The Death Of Computer Forensics: Digital Forensics After the Singularity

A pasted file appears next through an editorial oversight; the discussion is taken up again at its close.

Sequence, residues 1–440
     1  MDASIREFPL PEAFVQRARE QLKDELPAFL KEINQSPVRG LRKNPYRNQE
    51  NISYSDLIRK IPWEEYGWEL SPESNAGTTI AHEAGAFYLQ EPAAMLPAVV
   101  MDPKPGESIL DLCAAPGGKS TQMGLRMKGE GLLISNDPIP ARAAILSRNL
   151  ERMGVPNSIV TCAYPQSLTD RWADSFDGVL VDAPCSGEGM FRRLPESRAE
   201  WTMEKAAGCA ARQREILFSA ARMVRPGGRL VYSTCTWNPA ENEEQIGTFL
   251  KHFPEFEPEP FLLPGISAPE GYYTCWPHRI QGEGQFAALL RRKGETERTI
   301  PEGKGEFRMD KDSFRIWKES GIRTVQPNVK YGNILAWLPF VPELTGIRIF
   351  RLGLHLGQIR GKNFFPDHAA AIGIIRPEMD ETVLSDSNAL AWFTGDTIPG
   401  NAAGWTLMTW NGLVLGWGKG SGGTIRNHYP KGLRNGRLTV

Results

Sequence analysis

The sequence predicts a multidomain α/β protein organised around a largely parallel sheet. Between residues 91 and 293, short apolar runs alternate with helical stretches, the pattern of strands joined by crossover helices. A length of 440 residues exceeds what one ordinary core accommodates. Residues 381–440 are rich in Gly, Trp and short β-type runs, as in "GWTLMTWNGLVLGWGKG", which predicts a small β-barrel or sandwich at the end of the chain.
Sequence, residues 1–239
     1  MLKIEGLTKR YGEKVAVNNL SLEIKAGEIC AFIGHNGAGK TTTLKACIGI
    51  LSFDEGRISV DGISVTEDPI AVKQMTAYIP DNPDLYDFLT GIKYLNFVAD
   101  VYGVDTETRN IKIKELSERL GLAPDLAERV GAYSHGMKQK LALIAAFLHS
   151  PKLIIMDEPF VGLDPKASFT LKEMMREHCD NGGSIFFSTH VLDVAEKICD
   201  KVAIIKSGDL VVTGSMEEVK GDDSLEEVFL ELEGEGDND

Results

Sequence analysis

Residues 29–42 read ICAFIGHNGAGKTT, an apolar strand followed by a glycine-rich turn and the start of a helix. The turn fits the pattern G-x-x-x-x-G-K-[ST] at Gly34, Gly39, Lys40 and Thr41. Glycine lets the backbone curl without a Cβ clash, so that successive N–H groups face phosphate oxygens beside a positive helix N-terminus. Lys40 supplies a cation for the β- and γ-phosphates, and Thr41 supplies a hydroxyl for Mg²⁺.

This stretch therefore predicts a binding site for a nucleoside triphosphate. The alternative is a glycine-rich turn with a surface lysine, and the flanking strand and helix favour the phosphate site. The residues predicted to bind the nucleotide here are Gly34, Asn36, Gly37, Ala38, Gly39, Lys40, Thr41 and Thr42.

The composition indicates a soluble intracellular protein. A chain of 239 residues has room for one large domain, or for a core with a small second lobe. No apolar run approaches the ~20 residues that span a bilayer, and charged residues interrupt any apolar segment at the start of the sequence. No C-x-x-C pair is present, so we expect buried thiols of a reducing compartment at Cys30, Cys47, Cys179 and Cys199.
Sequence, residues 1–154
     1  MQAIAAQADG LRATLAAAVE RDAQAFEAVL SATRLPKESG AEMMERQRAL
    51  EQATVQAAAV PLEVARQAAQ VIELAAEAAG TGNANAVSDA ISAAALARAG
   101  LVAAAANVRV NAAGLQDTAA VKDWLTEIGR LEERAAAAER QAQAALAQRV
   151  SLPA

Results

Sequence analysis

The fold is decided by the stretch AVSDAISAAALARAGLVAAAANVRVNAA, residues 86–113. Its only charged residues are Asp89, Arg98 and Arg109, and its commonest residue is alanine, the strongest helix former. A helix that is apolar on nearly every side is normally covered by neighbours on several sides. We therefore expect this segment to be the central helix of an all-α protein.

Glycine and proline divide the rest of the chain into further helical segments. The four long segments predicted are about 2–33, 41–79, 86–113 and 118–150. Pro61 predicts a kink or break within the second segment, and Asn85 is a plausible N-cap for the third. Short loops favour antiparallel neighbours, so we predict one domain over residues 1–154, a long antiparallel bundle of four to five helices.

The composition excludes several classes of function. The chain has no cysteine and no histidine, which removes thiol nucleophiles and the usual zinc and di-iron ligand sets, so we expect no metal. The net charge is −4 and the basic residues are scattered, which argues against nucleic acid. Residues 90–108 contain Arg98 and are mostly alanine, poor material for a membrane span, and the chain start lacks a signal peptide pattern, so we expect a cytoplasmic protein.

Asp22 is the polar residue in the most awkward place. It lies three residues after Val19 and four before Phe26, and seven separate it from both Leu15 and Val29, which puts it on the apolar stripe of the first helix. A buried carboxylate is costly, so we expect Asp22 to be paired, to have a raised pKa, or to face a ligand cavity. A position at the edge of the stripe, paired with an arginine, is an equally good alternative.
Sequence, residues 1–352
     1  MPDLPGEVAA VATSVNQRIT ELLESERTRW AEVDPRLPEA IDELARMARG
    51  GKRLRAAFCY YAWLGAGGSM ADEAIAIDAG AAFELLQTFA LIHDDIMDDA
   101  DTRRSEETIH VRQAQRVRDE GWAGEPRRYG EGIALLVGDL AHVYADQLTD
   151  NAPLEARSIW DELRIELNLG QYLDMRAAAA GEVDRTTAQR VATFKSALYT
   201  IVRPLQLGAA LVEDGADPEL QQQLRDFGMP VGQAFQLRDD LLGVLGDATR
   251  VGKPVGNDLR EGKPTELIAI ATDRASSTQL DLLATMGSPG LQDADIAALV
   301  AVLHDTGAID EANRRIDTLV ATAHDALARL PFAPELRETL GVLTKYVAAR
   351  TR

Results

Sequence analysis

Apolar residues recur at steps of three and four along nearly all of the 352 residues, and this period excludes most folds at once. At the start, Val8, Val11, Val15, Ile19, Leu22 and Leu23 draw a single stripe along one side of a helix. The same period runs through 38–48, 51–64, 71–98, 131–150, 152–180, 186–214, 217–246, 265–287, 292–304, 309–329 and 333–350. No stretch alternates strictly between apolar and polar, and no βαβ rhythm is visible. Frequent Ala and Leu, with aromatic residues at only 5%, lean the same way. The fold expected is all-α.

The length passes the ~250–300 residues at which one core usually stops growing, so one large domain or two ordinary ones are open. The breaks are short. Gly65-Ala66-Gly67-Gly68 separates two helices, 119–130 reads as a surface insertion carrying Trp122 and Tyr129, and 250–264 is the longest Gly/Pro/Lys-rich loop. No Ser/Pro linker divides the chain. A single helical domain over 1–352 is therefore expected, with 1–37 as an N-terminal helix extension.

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  • 1.             2  May  2011  –  WORKSHOP  -­‐  The  Death  Of  Computer  Forensics:  Digital  Forensics  After  the   Singularity     Workshop  participants  Cory  Altheide  (Google)  Carlo  Blengino  (Lawyer),  Francesca  Bosco  (UNICRI  -­‐  Project   Officer,  Emerging  Crimes  Unit)  Elia  Florio  (Data  Protection  Authority),  Roberto  Flor  (University  of  Verona  -­‐   Faculty  of  Law),  Davide  Gabrini  (Postal  Police),  Rodrigo  Rodriguez  (ATOS  Research),  Monica  Senor  (Lawyer).     Moderators  were:  Giuseppe  Vaciago  (University  of  Milan  -­‐  Faculty  of  Law)  and  Stefano  Zanero  (Politecnico  di   Milano).       Summary  of  the  Workshop   (Giuseppe  Vaciago)     I.  Technical  Challenges  of  Cloud  Forensics  II.  Legal   Challenges  of  Cloud  Forensics  III.  Conclusions     ***     The   lecture   by   Cory   Altheide1  also   served   as   an   opportunity   to   organize   a   workshop   in   which   lawyers,   computer   scientists,   policy   makers   and   members  of  law  enforcement  met  to  discuss  the   future   of   digital   forensics   in   the   cloud   and   defining   the   challenges   that   this   technology   will   face  in  coming  years.                                                                                                                     1 Cory Altheide has nine years of information security, forensics & incident investigations experience. Cory worked at IBM, Google and the National Nuclear Security Administration (NNSA). At IBM, Mr. Altheide performed emergency computer security response for clients ranging from international banks to defense contractors to Fortune 500 retailers. At Google, he managed the response to numerous incidents, ranging from externally reported cross-site scripting vulnerabilities in Google properties, to compromised systems and extortion attempts. Prior to joining Google, Mr. Altheide was the Senior Network Forensics Specialist in the National Nuclear Security Administration's Information Assurance Response Center (NNSA IARC). Mr. Altheide has authored two original research papers for the Computer forensics journal "Digital Investigation” and co-authored “Handbook of Digital Forensics and Investigation (2009).” He holds the SANS GCIH and GCFA certifications. A   number   of   technical   and   legal   considerations   emerged   and   these   will   serve   as   the   basis   for   a   paper   that   the   Polytechnic   of   Milan   and   the   University  of  Milan  Bicocca  are  due  to  draft  in  the   coming  months.  Below  is  a  brief  summary  of  the   matters   of   interest   that   emerged   during   the   workshop.     I.  Technical  Challenges  of  Cloud  Forensics     1.   Although   it   has   become   clear   that   computer   forensics   -­‐   the   practical   analysis   of   digital   data   following  the  acquisition  of  a  bit-­‐stream  image  -­‐   of  a  suspect's  hard  disk  -­‐  suffered  a  setback  with   the   wide   adoption   of   mobile   devices   and   the   increasing   use   of   flash   memory   and   encryption   systems,   it   is   undoubtedly   also   the   case   that   it   experienced   a   fundamental   change       due   to   the   incredible  expansion  of  cloud  computing  systems.     2.  In  order  to  arrive  at  this  "dramatic"  conclusion,   we   need   to   start   with   the   definition   of   cloud   computing   data   devised   by   NIST:   "Cloud   computing  is  a  model  for  enabling  convenient,  on-­‐ demand   network   access   to   a   shared   pool   of   configurable   resources   (eg,   networks,   servers,   storage,   applications,   and   services)   that   can   be   rapidly   provisioned   and   released   with   minimal   effort   or   management   service   provider   interaction.”   Cloud   computing   has   five   essential   characteristics,   i.e.,   on-­‐demand   self-­‐service,   broad   network   access,   resource   pooling,   rapid   elasticity   and   measured   service.   It   has   three   service  models,  i.e.,  Cloud  Software  as  a  Service   (SaaS),   Cloud   Platform   as   a   Service   (PaaS)   and